Posted May 23, 2012 by Chris Patmore in Features
 
 

Science Fiction Films


The main scope of science fiction has been about speculative science, asking “what if‚…?”

The
main scope of science fiction has been about speculative science, asking
“what if‚…?”
From the earliest days of cinema
the genre has been opening up the world to new possibilities, many of which
have become realities. With Ridley
Scott’s Prometheus now bursting onto cinemas we take a look at the best Science
Fiction films have to offer.

Here are ten innovative sci-fi movies that
have either changed the way we see the world or have influenced the way we
watch movies.

A
Trip to the Moon
(Le voyage dans la lune) by Georges Méliès.
The image from this 1902 French short film,
of a rocket in the eye of the moon will be familiar to anyone with even a
passing interest in sci-fi. For a younger generation the film is featured in Scorsese’s Oscar-winning Hugo. Considering the infancy of cinema
at the time, the special effects Méilès created are simply astounding, not to
mention the fact that the story was about men landing on the moon a long time
before science could make it reality, and there are plenty of people that think
the 1969 moonlanding was nothing more than a film production for the same
reason.

Metropolis by Fritz Lang (1927)

With the recent release of the restored, extended director’s cut of this silent
classic, we get to see the work of a visionary filmmaker in all its glory. The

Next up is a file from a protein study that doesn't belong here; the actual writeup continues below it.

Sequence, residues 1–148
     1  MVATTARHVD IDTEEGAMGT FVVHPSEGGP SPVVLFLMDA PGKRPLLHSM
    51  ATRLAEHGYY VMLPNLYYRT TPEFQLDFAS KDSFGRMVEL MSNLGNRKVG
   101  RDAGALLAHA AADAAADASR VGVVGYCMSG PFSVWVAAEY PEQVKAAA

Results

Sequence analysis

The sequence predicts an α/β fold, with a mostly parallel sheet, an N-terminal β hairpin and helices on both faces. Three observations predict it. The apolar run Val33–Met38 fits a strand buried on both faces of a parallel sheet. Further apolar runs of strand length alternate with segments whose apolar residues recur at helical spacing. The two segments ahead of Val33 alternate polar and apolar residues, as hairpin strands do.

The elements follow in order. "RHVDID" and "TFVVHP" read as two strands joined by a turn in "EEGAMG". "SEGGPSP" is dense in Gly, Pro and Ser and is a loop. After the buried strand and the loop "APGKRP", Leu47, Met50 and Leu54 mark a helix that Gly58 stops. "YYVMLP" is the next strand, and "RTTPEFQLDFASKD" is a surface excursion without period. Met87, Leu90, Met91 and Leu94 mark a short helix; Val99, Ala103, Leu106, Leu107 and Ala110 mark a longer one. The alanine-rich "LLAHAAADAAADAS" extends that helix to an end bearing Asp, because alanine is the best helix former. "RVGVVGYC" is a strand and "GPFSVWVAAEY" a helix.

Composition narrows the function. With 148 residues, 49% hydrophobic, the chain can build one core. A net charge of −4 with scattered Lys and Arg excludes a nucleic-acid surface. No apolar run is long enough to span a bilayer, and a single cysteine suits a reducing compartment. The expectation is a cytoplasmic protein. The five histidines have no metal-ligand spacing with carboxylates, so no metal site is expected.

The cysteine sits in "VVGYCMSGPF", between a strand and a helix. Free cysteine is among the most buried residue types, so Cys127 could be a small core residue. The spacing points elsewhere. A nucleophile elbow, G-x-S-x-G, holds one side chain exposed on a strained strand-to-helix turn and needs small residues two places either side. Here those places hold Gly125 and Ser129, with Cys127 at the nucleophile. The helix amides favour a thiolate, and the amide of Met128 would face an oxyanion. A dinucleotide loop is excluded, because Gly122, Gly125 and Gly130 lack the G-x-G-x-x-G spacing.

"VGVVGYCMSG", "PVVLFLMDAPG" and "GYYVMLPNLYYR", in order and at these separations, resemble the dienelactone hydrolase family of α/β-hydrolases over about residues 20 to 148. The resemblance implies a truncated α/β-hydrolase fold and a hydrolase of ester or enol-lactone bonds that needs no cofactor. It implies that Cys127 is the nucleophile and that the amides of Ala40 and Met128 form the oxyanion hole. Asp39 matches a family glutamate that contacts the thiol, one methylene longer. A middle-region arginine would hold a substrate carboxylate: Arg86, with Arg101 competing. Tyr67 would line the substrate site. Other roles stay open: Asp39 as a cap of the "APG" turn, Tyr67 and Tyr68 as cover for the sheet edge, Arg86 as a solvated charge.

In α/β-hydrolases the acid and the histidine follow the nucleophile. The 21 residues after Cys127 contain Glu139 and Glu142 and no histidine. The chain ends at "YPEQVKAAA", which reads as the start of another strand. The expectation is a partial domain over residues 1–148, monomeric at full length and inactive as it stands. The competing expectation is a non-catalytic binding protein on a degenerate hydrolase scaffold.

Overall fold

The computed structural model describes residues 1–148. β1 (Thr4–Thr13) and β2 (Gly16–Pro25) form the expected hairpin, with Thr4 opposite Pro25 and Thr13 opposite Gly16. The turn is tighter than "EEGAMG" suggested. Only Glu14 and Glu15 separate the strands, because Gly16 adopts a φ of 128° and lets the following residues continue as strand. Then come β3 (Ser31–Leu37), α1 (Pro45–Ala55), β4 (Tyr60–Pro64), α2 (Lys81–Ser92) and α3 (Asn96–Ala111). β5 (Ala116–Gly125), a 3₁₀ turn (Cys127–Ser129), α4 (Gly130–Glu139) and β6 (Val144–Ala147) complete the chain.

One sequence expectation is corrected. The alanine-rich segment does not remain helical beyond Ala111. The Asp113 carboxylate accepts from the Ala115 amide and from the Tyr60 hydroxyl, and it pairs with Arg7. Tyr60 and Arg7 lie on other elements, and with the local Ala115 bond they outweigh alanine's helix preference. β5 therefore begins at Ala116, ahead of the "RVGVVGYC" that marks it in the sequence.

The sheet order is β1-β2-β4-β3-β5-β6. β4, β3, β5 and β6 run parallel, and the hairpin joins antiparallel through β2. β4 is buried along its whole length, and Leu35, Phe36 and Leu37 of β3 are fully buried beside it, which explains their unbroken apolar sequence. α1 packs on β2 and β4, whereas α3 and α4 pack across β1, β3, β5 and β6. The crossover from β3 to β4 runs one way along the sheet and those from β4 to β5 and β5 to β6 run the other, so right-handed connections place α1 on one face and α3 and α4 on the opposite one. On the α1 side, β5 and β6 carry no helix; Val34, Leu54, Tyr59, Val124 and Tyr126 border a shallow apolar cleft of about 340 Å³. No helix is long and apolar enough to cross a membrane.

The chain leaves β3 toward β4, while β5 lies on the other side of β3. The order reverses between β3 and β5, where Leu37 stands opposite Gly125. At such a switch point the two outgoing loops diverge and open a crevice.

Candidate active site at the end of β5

image of the robot is another classic of the genre and it had a profound
influence on many sci-fi films to come, particularly Star Wars’ C3-PO. Not only was it epic filmmaking but it had a
powerful message to impart about the dangers of industrialisation.

Things
to Come
by William
Cameron Menzies
(1936)

Based on a story by HG Wells, who
also wrote the screenplay, this is one of the earliest British sci-fi features
and proved to be very prescient, even scarily so, depicting an aerial attack on
London (which no one believed was possible). It also features familiar modern
technology such as handheld communicators and large, flatscreen video displays.

2001:
A Space Odyssey
by Stanley Kubrick (1968)

Based on a story by Arthur C Clarke,
this is one of the most cerebral sci-fi films ever made (with the possible
exception of Russian versions of Stanislaw
Lem
stories). Released at the height of the summer of love it proved to be
a mind-blowing hit amongst the acid heads, who were possibly some of the only
people to actually get it. It is still as challenging and visually exciting as
it was back then, and its influence can still be felt in today’s films, such as
Terence Malick’s The Tree of Life.

Planet
of the Apes
by Franklin
J Schaffner
(1968)

Where 2001 shows the evolution of apes into humans, this film sort of completes
the circle as the lower primates become the dominant creatures and save the
world from almost inescapable destruction, as revealed in the closing shot. The
recent Rise of the Planet of the Apes
gives a very interesting account of how the apes came to take over, and in
terms of science fiction is a better film, but the original was absolutely
groundbreaking and was the first film to win an Oscar for make up, which didn’t
become an official category until over a decade later. Ironically the rumour
goes that 2001 was not even nominated as the members of the Academy believed
the apes in the opening sequence were in fact apes rather than people in
costume.

Blade
Runner
by Ridley
Scott
(1982) (Main Picture)